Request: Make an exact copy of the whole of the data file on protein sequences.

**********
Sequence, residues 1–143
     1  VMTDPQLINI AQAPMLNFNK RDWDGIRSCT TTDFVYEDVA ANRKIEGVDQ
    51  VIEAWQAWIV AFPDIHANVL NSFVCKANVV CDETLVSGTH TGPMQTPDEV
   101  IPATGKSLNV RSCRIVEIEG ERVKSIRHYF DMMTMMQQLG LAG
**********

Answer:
Sequence, residues 1–143
     1  VMTDPQLINI AQAPMLNFNK RDWDGIRSCT TTDFVYEDVA ANRKIEGVDQ
    51  VIEAWQAWIV AFPDIHANVL NSFVCKANVV CDETLVSGTH TGPMQTPDEV
   101  IPATGKSLNV RSCRIVEIEG ERVKSIRHYF DMMTMMQQLG LAG